From the use of Tibb's Eve as meaning neither before nor after Christmas, [3] and through folk etymology and pronunciation shift, the phrase became linked with the concept of tipsy or tipple. As William Kirwin says:

Folk etymology, strictly speaking, should be a re-formation of a strangely pronounced or spelled form with the result that the new term makes plausible sense. A second stage in the process may be an expressed justification or explanation of the new term, when it is first used or by other commentators at a later time. [31]

Hiscock notes:

For someone who thinks of it as a day to get tipsy, then Tipsy Eve is perfect. There's nothing wrong with that. That's a good way of calling it. And, of course, it's all based in the kind of humour that people have had for hundreds of years. So, there's no reason why people should not make humorous adjustments to it in the present. [9]

Related Research Articles

Hogmanay Scots celebration on New Years Eve

Hogmanay is the Scots word for the last day of the old year and is synonymous with the celebration of the New Year in the Scottish manner. It is normally followed by further celebration on the morning of New Year's Day or in some cases, 2 January—a Scottish bank holiday.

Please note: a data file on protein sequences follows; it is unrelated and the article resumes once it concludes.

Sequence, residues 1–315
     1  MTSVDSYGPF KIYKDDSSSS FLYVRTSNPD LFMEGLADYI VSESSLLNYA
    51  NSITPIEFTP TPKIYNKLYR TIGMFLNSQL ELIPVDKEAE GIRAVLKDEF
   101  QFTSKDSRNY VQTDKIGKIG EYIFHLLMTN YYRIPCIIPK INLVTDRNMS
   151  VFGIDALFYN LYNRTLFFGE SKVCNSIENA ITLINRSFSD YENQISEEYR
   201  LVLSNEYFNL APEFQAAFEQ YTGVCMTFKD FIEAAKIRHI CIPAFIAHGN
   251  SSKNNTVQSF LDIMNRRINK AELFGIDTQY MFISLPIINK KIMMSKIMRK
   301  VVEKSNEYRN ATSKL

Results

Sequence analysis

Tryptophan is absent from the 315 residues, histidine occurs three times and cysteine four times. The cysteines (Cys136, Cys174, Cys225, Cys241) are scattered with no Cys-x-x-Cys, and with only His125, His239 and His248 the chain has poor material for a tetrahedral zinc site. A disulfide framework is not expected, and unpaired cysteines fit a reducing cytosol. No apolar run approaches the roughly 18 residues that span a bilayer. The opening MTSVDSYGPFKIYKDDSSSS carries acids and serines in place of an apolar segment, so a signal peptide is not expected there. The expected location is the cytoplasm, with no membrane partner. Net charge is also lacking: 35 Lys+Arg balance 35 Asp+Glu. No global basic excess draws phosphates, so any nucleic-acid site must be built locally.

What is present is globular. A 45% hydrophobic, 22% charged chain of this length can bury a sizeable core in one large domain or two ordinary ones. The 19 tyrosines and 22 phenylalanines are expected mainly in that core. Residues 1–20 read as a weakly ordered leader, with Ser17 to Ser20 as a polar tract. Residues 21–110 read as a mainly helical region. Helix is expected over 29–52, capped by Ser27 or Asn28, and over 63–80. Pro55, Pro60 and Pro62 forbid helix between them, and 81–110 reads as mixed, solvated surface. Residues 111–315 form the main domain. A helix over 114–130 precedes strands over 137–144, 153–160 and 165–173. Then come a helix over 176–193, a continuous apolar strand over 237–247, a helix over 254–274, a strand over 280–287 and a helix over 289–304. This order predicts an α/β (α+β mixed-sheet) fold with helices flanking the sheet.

Newfoundland English is a term referring to any of several accents and dialects of Atlantic Canadian English found in the province of Newfoundland and Labrador. Most of these differ substantially from the English commonly spoken elsewhere in Canada and North America. Many Newfoundland dialects are influenced by the dialects of England's West Country, in particular the city of Bristol and the counties of Cornwall, Devon, Dorset, Hampshire and Somerset, while in terms of general cultural heritage, one estimate claims 80 to 85 percent of Newfoundland's English heritage came from England's southwest. Other Newfoundland dialects are influenced by the dialects of Ireland's southeastern counties, particularly Waterford, Wexford, Kilkenny and Cork. Still others blend elements of both and there is also a discernible influence of Scottish English. This reflects the fact that while the Scottish came in smaller numbers than the English and Irish, they had a large influence on Newfoundland society.